Trampling the Inner-Man

September 16th, 2010 by

“For a little while your people possessed your holy place, but now our enemies have trampled down your sanctuary.” -Is. 63.18

This passage speaks of the holy place and the sanctuary in Jerusalem itself, but there is much to be drawn from it for our spiritual enlargement.

If, on New Testament terms, Paul has declared that we are the “temple” or the “sanctuary” of the Holy Spirit, then we also have the high privilege of possessing our own souls and sanctifying them unto the Lord. He longs to dwell in the midst of His people, revealing Himself to us, and expressing Himself through us. This is something more than spiritual performance, religious playacting, or learning the proper words to say and the proper faces to make. Our appearance and reputation matter not one jot or tittle if the “holy place” of our hearts has been invaded by the spirit of the world, and “our enemies have trampled down” the sanctuary of the inner-man.

The writer of the proverb has instructed us along this way: “Watch over your heart with all diligence, for from it flow the springs of life.” (4.23)

There is an intensity with which we must guard the inner-man, for the holy place of our heart is a tender place, and it can easily be trampled and flooded. It is our own responsibility to continually sanctify ourselves before the Lord, and to see to it that we are preferring His own life above our own. When at once you sink into your own wisdom and fail to possess and keep your heart before Him, the tenderness begins to harden, until eventually you have lost all touch with the reality of truth and love.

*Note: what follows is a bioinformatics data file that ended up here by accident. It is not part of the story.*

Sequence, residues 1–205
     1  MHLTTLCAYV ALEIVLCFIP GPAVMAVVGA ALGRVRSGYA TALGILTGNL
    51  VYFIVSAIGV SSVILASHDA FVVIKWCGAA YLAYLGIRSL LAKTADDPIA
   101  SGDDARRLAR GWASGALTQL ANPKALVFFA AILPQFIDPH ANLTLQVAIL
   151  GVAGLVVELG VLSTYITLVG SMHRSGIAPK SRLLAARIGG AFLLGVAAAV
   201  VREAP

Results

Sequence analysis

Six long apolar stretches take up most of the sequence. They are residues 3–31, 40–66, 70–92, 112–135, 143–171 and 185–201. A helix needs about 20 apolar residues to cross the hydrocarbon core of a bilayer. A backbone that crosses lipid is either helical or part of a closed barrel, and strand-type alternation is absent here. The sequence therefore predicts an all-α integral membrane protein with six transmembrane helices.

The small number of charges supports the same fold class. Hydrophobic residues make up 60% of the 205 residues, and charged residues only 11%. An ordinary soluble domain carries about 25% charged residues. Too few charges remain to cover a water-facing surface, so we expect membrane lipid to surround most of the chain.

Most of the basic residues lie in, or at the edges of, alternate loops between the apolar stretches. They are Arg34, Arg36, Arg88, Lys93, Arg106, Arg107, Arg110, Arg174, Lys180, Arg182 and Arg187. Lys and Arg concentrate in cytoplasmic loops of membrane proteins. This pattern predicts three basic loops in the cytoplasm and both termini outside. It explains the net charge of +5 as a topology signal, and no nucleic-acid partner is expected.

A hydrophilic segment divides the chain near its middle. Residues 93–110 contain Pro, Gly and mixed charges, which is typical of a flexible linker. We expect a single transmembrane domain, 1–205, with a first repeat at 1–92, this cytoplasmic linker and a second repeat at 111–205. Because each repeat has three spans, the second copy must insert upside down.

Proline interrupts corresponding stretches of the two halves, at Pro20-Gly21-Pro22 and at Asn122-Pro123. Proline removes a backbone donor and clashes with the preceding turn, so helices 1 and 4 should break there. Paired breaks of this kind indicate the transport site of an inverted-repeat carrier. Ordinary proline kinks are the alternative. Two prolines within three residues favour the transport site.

When our souls are dispossessed by untruth, when we cease to abide in the love of God, immediately the spirit of this age prevails and tramples the inner-man. This occurs not only in the overt moral failings of pornography, murder, and thievery, but also when we give ourselves over to a counterfeit kind of rest that is not the rest of God Himself. When we cease to guard that tender place of true union with God, we become brash towards others, speculative and suspicious, self-conscious, loose in speech, over-indulgent with money, entertainment and food, and many of the more subtle forms of compromise take the dominant place.

Our lives take on a cheap and synthetic nature, and the “springs of life” are replaced with something much more inglorious than that which the Lord has desired to give us. We may look Christian still, we may know how to put on a religious show, but we are giving up the holy place and allowing it to be trampled by the enemies of God. Our lingo may be correct, but anger, fear, and strife will have possession of our souls. Brethren, this is not the purpose of the Lord.

This trampling of the soul is the plight of all men without grace, but in the Gospel we are privileged and called to a life of abiding in the Son of God. You may only possess the holy place “for a little while,” but this is not your inheritance in Christ. Do not let your soul be trampled by the influences of this age, the lusts of the flesh, and the pride of life. Do not surrender your days or evenings to the enemy, dear saint. Let your heart be stilled before Him morning, noon, and night, and He will enlarge His own character and nature in your soul. The purity, tenderness, compassion and power of Jesus will become Your witness, and God Himself will be your portion and joy. Watch over your heart then, child of God.

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